Porter was born in Hartford, Connecticut, and raised in nearby Rockville. He returned to Hartford in 1877 or 1878 to start a studio. While his still life paintings were too traditional for New York collectors, Hartford critics and collectors admired them. The level of detail in his studies of insects and birds stunned the Connecticut crowd.

Porter joined a line of Black artists who found success in Hartford, including photographer Augustus Washington. But even in the liberal-minded city, early news reports about Porter’s work often qualified him as a the “colored painter.” Eventually, he would be known just by his name or as “the Hartford artist.”

Charles Ethan Porter, Peonies in a Vase, c. 1885, oil on canvas, Gift of William and Abigail Gerdts, 2018.44.124

5. He auctioned all his art to study in France

In 1881 Porter decided to travel abroad to continue his development as an artist. He auctioned all the nearly 100 paintings in his studio and raised $1,800. He hoped the money would be enough to support him for a couple of years. Porter arrived in Paris with letters of introduction from illustrious Hartford citizens, including one of the most famous American writers of the time—Samuel Clemens, who wrote under the pen name Mark Twain.

We don’t know much about Porter’s time in France, but he is believed to have attended the École Nationale Superieure des Arts Decoratifs (National School of Decorative Arts). Art historians think he may have studied the work of Henri Fantin-Latour, then the best-known still life painter in France, and his predecessor Jean Siméon Chardin. Porter’s time in France clearly inspired a change in his style. One Hartford Courant reviewer wrote that, following his return to the United States, his “dainty, almost finicky, work we’re so familiar with, has been superseded by a broader, freer style.”


Charles Ethan Porter, Floral Still Life, between 1880 and 1890, oil on canvas, Detroit Institute of Arts, Museum Purchase, Robert H. Tannahill Foundation Fund, 2018.48.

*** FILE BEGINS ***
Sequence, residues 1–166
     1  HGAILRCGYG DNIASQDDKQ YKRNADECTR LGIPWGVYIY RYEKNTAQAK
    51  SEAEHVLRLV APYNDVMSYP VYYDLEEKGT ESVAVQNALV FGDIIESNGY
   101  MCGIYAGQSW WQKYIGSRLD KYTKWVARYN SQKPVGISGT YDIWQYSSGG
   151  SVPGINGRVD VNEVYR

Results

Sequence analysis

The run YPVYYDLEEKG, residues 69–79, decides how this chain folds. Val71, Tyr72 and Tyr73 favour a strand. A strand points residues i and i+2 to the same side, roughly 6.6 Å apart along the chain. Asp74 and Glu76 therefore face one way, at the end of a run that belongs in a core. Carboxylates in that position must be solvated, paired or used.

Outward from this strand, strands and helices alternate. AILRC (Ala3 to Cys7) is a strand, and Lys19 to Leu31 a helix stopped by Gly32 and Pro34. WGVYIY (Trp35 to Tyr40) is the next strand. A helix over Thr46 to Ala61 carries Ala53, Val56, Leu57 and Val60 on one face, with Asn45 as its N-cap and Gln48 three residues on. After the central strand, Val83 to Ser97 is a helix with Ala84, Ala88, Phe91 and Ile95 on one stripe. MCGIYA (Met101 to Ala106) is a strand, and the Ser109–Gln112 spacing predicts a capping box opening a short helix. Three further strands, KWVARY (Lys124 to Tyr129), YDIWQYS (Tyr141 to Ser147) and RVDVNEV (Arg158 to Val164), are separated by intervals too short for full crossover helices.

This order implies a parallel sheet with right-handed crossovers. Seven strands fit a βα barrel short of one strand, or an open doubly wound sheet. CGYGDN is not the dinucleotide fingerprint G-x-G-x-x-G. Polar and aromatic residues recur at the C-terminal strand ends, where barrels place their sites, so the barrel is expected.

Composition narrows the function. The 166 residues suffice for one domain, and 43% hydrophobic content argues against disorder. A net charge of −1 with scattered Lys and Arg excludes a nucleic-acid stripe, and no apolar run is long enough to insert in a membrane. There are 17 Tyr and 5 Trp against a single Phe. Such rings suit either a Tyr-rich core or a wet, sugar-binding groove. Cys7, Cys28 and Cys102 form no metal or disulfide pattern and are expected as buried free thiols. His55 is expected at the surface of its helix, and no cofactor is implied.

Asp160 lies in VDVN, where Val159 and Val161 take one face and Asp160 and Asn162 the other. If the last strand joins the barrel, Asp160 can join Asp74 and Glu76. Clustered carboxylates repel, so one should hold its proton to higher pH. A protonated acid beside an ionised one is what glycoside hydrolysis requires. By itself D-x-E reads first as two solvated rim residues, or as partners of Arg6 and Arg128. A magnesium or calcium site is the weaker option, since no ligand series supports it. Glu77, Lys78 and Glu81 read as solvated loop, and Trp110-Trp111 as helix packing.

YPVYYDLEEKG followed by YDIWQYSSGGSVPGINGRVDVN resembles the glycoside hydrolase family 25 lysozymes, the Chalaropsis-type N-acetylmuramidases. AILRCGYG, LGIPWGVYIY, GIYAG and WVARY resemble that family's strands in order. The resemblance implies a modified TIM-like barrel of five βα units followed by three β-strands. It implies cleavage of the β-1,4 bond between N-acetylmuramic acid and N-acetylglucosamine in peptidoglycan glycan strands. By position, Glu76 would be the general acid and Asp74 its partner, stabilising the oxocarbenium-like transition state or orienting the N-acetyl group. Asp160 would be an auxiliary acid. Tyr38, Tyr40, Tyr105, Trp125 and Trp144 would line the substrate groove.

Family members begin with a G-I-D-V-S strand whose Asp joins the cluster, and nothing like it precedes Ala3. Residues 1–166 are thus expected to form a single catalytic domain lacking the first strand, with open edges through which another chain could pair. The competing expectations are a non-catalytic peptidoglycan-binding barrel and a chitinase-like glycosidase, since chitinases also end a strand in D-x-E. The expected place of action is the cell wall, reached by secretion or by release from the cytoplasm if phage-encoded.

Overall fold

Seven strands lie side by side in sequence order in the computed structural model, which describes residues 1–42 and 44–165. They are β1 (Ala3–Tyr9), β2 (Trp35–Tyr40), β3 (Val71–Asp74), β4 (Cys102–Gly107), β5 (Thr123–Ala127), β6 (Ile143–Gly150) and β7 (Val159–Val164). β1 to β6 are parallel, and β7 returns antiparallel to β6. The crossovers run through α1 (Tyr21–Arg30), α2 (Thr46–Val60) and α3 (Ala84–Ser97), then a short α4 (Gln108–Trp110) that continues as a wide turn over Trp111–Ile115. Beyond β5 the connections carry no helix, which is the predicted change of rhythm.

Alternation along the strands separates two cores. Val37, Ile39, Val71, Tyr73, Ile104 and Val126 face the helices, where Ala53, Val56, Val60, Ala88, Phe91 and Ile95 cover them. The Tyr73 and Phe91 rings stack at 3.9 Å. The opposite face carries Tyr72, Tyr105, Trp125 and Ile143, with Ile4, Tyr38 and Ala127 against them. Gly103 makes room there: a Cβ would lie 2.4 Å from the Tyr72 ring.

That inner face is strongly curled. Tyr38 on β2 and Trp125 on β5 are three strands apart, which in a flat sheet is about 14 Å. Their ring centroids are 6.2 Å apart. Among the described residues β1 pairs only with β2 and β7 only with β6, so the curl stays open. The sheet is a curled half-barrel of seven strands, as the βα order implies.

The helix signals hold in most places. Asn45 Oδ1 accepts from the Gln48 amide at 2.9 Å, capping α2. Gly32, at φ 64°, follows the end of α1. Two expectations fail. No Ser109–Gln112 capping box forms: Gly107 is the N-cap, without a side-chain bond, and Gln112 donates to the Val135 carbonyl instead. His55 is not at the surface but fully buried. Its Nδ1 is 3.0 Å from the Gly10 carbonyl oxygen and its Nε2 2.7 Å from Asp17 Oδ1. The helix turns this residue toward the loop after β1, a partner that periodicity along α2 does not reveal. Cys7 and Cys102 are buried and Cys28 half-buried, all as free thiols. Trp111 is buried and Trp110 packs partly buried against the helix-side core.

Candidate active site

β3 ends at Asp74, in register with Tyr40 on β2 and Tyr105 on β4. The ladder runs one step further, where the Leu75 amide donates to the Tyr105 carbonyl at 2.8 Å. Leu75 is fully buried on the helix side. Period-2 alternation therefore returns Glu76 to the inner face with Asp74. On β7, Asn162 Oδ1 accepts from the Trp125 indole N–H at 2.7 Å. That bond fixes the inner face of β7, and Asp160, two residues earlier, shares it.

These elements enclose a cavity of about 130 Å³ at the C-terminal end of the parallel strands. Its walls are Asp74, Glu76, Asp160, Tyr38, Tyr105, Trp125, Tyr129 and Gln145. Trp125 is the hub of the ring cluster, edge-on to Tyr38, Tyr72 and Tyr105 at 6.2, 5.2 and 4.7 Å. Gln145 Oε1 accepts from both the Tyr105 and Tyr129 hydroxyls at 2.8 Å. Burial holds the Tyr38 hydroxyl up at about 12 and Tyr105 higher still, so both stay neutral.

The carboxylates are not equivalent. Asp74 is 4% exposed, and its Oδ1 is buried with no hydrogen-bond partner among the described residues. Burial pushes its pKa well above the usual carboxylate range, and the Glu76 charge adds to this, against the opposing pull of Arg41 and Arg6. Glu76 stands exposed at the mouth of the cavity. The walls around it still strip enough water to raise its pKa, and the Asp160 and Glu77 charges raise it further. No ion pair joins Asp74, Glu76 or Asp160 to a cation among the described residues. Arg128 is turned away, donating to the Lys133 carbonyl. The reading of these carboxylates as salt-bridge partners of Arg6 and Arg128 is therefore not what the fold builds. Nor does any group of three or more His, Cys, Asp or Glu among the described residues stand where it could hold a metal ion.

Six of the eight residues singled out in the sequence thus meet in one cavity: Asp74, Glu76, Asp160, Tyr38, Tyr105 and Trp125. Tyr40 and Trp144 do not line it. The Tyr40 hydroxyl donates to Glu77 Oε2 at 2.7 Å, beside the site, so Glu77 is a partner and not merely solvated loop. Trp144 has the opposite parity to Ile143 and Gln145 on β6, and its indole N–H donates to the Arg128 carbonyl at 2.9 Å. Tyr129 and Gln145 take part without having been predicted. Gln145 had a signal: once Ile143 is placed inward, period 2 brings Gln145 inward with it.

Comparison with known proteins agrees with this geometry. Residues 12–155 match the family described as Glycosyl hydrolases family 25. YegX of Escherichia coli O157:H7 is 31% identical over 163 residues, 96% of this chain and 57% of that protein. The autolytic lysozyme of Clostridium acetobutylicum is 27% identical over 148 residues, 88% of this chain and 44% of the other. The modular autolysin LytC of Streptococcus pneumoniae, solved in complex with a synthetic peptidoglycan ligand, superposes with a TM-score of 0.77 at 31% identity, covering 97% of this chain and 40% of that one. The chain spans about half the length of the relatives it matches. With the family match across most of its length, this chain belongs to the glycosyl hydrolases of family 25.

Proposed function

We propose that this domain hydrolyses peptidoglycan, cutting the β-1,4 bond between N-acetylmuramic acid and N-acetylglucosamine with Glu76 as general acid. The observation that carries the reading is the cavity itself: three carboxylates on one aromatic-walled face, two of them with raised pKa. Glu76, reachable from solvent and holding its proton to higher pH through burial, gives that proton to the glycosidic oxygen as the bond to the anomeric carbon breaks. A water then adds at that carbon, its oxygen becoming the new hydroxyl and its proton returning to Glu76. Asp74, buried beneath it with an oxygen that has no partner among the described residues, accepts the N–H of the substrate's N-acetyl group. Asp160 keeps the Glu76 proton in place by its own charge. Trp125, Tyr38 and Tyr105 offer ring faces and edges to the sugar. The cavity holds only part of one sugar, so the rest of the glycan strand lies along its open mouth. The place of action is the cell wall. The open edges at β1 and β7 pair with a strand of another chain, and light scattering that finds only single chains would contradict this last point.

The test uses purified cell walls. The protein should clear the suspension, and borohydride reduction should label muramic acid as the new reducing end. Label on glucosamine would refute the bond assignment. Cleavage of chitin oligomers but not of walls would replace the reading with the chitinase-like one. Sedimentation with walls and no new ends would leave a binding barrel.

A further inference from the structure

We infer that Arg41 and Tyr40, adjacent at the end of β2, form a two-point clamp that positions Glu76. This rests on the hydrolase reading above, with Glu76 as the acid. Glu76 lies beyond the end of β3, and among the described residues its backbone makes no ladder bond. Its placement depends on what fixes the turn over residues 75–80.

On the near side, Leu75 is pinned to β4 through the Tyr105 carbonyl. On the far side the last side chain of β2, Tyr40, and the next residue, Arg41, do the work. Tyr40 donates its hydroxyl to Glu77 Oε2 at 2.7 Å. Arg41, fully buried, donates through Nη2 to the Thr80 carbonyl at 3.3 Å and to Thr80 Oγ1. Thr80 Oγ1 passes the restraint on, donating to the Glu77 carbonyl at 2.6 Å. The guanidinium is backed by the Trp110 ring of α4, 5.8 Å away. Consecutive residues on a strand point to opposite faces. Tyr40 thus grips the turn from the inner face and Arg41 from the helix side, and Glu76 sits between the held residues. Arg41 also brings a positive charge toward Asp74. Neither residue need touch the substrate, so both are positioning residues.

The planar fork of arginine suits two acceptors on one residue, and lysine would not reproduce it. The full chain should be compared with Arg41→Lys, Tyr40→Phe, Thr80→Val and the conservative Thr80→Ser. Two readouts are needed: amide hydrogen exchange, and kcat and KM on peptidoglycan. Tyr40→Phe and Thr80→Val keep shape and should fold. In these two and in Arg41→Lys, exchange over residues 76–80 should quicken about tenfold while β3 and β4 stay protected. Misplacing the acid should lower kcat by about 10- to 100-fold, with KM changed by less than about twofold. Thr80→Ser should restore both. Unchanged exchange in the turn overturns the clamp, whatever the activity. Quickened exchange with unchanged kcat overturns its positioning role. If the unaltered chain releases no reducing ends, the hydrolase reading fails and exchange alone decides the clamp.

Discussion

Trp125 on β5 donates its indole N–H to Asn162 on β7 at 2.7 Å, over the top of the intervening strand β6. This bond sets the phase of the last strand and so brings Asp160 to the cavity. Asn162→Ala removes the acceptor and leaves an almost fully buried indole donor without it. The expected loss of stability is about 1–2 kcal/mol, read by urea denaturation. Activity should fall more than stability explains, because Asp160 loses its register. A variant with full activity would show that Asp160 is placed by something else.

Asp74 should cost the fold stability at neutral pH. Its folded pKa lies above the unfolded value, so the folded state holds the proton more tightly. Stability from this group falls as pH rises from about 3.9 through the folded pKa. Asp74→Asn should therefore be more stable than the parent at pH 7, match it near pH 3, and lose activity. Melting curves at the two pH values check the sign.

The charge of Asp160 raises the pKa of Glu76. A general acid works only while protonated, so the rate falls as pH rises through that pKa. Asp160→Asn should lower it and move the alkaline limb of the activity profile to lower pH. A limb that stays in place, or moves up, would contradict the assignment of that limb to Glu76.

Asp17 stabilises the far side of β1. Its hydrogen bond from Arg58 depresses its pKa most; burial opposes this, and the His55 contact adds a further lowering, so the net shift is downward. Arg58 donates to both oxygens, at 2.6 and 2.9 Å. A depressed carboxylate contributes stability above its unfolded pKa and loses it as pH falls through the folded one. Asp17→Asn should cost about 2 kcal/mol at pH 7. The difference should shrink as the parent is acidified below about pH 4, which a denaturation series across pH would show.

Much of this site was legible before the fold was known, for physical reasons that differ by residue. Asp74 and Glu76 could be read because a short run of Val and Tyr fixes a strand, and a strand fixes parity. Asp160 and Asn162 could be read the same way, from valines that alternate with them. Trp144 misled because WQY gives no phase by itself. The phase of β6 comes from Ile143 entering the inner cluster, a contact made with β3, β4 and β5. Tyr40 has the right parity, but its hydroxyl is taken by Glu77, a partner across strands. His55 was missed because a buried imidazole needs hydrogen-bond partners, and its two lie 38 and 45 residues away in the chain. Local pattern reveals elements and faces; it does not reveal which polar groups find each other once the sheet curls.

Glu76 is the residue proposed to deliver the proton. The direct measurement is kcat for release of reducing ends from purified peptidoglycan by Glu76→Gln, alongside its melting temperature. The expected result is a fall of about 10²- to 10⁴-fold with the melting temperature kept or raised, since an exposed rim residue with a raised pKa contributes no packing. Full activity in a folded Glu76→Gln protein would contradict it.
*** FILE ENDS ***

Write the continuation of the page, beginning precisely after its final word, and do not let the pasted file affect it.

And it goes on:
6. He believed his art could show that Black artists were as talented as white artists

Less than two years into his time in France, Porter’s money ran out. He wrote to Mark Twain, asking him for help. His letters to the writer are the only known first-person accounts from Porter. On April 4, 1883, he wrote:


Now I am aware that there are a goodly number of my Hartford friends and others who are anxious to see how the colored artist will make out, but this is not the motive which impresses me. There is something of more importance. The colored people—my people—as a race I am interested in, and my success will only add to others who have already shown wherein they are capable the same as other men.


Conscious of his place in an art world dominated by white men, Porter was eager to show what he, and other Black artists, could do.

Charles Ethan Porter, Mountain Laurel, 1888, oil on canvas, Smithsonian American Art Museum, Gift of Alfred T. Morris, Sr., 2000.10

7. He struggled his entire career to make a living, but never gave up

Porter was determined to continue painting, despite facing challenges. He did what he needed to do, including taking on students and auctioning or even bartering his paintings to make ends meet.

After years of trying to “make it” in New York or Hartford, Porter moved back to Rockville by the turn of the century. No paintings by him date to the 20th century. However, two photos of Porter with students show that he spent his final years teaching a new generation of artists. Today, his paintings continue to inspire artists like photographer Zora J Murff.



January 12, 2024